Anthrax scare briefly closes ABC News office

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NEW YORK -- A portion of a sixth-floor ABC News office housing "Good Morning America" was closed down for five hours Friday afternoon after an employee found a letter with an unidentified white powder.

A portion of a floor in the building at 147 Columbus Ave. was shut down after 1 p.m. when the unnamed employee found the letter that mentioned anthrax and a suspicious white powder. The area was sealed off, with employees still there, as police and hazardous-material specialists scoured the area and worked to determine the substance that had been sent in a letter to "Good Morning America" weatherman Sam Champion. Initial tests on the substance were negative for anthrax, and the all-clear was given to return around 6 p.m.

ABC News said police were questioning a "person of interest" in connection with the case. ABC News said that "Good Morning America" operations would resume Friday and continue throughout the weekend, though the area would be thoroughly cleaned even though tests for anthrax came back negative.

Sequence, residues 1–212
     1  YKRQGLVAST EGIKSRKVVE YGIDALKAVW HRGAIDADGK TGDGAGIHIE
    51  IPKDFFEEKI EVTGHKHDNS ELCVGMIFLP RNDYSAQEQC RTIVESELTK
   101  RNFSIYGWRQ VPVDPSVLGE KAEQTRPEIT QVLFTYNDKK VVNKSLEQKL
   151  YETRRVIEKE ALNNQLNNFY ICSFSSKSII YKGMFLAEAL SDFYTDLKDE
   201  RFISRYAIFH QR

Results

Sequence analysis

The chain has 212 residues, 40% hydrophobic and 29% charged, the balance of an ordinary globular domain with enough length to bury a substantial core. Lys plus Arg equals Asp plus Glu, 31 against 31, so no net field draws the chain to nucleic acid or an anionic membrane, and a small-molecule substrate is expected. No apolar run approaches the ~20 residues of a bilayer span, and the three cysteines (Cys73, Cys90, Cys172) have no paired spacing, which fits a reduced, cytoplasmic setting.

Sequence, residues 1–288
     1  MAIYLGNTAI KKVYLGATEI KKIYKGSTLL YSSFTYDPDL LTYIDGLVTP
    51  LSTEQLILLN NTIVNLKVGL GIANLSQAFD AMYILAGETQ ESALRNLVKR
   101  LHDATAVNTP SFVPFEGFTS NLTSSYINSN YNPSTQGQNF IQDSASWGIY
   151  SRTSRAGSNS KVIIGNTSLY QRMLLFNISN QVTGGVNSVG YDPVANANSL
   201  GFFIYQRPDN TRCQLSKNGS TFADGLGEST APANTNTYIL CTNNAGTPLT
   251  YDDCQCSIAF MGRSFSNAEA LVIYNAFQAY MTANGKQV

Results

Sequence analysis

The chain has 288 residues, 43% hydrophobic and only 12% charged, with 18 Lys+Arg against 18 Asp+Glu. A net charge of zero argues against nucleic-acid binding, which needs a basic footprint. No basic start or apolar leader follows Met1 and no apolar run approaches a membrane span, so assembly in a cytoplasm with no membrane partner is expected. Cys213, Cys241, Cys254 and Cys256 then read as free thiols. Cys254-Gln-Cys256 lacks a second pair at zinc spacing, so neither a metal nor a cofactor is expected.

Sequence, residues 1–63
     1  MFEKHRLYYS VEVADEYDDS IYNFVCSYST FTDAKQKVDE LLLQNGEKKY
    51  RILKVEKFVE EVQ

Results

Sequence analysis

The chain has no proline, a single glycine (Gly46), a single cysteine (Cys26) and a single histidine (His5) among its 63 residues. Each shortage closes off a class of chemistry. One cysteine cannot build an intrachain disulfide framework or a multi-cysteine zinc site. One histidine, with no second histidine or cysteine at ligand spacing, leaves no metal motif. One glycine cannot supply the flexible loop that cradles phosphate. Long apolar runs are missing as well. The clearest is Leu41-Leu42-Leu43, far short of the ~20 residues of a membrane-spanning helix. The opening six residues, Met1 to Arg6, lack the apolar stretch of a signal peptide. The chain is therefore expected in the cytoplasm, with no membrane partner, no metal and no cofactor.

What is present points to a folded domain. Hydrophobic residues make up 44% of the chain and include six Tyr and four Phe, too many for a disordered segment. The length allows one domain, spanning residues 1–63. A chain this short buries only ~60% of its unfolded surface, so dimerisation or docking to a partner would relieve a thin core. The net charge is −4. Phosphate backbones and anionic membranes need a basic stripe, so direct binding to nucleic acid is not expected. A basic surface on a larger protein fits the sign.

It was an uncomfortable reminder of the spate of anthrax attacks that hit network newsrooms and congressional offices in the weeks after the Sept. 11 terrorist attacks. Anthrax attacks killed five among the 22 people who were affected. The 7-month-old baby of an ABC News producer developed cutaneous anthrax a day after attending with his mother a party at the West 66th Street offices of ABC News. Letters with anthrax also were sent to then "CBS Evening News" anchor Dan Rather and "NBC Nightly News" anchor Tom Brokaw; neither anchor was injured, but Brokaw's assistant and another employee were affected by the anthrax.

"NBC Nightly News" offices were evacuated and sealed off for a monthslong cleaning. No arrest has been made in the attacks.
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